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Dear Friends & Colleagues,


Domestic violence victims face unique challenges navigating the premium tax credits under the ACA.  In December 2013, I described the limited ability of victims of domestic violence to apply for premium tax credits if they are still married.  As noted, married individuals must generally file a joint return in order to receive the credits.  This poses obvious problems for domestic violence victims who may have difficulty filing a joint return with their abusive spouse.  To its credit, the IRS acknowledged the domestic violence issue in the preamble to the final tax credit rule back in May 2012.  My December email explained that the IRS was still accepting comments on this issue and referenced one or two potential solutions.
 
The IRS has helpfully clarified that relief is available to some married individuals who are victims of domestic violence.  However, this only applies to individuals who are (1) deemed to be unmarried under the IRS rules (notwithstanding their actual marital status) and (2) meet the criteria to file as head-of-household.  The IRS spells out in Publication 501 those situations in which married persons are considered unmarried for tax purposes; it also explains the head-of-household filing rules.
 
How easy is it to find this information from HHS?  Not very.  Searching for “domestic violence” at healthcare.gov site will generate information as to how such individuals can apply for an exemption to the requirement to have minimum essential coverage.  These searches at healthcare.gov do not yield any information on how to apply for and enroll in the premium tax credits under the IRS guidance.  Hence the reason we wanted to share this information with you today.
 
Does the IRS clarification “fix” the challenges for victims of domestic violence trying to apply for premium tax credits?  No, and for two reasons.  First, HHS’s application form asks whether an applicant is married – and does not allow applicants to indicate that they are applying as head-of-household.  In effect, HHS’s application process nullifies the IRS guidance.  Until HHS corrects this oversight, the IRS’s good faith efforts here will have been in vain.
 
Second, the IRS’s fix only applies to a subset of domestic violence victims: those considered unmarried for tax purposes who can file as head of household.  For you to be deemed unmarried, the abusive spouse cannot have lived in your home for the last six months of the tax year and you must pay for half the cost of the upkeep of your home.  Additionally, your home must have been the main home for your child, stepchild, or foster child for more than half the year (with a few exceptions for children who are newborn, deceased, kidnapped, etc.) – and you must be able to claim the child on your return.  And you must then file as head-of-household as allowed under the applicable rules.  Other rules also apply.  Consequently, this fix does not help childless adults who are victims of domestic violence or individuals who recently escaped abusive relationships; these individuals will continue to be ineligible for the credits if they are unable to file jointly.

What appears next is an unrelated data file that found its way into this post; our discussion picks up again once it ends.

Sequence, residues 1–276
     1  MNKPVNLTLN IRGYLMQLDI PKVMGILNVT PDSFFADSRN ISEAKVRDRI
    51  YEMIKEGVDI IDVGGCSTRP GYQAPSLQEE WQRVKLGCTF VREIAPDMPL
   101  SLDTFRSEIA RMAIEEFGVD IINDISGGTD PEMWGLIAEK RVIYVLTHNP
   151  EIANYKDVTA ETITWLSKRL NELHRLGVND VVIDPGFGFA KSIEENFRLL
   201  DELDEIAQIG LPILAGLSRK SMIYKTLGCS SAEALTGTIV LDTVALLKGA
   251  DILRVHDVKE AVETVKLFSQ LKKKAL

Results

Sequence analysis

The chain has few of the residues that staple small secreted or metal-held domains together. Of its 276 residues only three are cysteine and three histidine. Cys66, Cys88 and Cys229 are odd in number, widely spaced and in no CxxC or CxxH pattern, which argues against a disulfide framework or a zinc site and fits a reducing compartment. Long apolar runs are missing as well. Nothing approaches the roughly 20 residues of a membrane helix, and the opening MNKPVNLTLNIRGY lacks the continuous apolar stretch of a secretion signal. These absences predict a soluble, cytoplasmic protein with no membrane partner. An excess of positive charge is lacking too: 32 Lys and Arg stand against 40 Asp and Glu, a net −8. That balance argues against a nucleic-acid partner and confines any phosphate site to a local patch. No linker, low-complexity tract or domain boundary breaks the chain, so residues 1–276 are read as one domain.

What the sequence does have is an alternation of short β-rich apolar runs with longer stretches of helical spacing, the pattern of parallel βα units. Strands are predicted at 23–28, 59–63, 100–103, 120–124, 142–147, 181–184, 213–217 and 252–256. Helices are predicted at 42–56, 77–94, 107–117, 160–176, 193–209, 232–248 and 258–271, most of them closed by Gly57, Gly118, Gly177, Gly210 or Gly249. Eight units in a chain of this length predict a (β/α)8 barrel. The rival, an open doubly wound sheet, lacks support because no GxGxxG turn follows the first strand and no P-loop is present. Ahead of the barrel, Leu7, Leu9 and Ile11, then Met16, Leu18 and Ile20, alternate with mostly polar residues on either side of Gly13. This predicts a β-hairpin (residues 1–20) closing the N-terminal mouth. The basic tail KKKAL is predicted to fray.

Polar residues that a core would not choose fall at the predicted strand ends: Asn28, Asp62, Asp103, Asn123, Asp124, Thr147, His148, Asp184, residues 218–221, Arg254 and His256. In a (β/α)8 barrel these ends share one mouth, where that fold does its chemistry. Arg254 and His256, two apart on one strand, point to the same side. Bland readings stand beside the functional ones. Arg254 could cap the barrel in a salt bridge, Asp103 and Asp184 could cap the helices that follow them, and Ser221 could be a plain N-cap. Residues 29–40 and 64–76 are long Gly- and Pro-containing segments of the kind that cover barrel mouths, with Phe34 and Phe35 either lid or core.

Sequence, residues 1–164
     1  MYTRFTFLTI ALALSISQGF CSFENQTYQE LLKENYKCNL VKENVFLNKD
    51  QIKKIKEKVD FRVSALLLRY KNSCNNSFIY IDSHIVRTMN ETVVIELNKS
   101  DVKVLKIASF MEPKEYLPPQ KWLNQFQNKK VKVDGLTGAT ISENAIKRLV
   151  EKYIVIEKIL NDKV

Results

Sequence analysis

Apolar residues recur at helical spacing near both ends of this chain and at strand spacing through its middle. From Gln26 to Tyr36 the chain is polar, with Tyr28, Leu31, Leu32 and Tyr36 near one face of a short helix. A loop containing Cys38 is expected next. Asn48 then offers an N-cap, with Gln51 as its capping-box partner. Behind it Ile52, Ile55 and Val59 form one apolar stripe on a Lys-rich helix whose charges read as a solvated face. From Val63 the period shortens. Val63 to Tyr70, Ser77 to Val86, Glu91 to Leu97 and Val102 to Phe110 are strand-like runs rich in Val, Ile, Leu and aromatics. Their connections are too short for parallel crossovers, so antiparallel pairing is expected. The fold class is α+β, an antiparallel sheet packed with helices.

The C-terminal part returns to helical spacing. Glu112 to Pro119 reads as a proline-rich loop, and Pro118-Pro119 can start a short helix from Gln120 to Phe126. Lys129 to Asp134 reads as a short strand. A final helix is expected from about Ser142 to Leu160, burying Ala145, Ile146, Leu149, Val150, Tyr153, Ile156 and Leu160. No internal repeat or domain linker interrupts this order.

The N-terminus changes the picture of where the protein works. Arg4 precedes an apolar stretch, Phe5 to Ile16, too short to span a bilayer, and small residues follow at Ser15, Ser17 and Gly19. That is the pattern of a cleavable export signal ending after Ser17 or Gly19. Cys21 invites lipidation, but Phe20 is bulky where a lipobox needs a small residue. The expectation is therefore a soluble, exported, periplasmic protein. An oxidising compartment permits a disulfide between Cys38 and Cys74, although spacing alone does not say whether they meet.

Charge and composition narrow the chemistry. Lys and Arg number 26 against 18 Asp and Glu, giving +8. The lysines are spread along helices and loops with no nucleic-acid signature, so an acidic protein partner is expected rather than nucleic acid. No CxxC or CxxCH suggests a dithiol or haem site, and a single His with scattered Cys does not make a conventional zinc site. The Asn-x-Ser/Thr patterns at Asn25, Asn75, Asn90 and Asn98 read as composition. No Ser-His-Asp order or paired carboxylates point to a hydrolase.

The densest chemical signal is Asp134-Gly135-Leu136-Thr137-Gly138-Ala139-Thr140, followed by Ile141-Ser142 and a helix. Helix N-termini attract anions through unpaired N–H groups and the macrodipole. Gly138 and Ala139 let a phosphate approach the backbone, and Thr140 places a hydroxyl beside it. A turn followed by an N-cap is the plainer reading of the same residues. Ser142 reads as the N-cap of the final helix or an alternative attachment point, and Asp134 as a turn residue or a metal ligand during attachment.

An example illustrates the potential for significant ACA-related tax consequences on spouses who are victims of domestic violence.  Two spouses apply for and receive the advance payments of the tax credits in January 2014.  Seven months later, one spouse leaves the other due to domestic violence – though, because of state family law divorce laws, the two remain legally married as of December 31, 2014.  Under the current tax credit rules, these two individuals must repay 100% of the advance tax credits that were paid on their behalf throughout the year if they file as Married Filing Separate (which may be necessary in their situation).  That could be a considerable tax liability for an individual who by definition is already in distressed circumstances.
                                                                                                                   
Unfortunately, this remains a large policy problem and a critical tax concern.  The CDC estimated in 2003 that “…1.3 million women are victims of physical assault by an intimate partner each year.”  This may be an underestimate: more recent data from the 2010 National Intimate Partner and Sexual Violence Survey finds that, “The prevalence of severe physical violence victimization by an intimate partner in the 12 months prior to taking the survey was 2.7% among women compared to 2.0% among men.”  And these statistics do not include sexual violence, which is reported separately.
                                       
We continue to monitor policy developments in this area and will keep you updated.  Please feel free to contact me at brian.haile@jtax.com or 615-761-6929 if I can be helpful in any way.


Sincerely,

Brian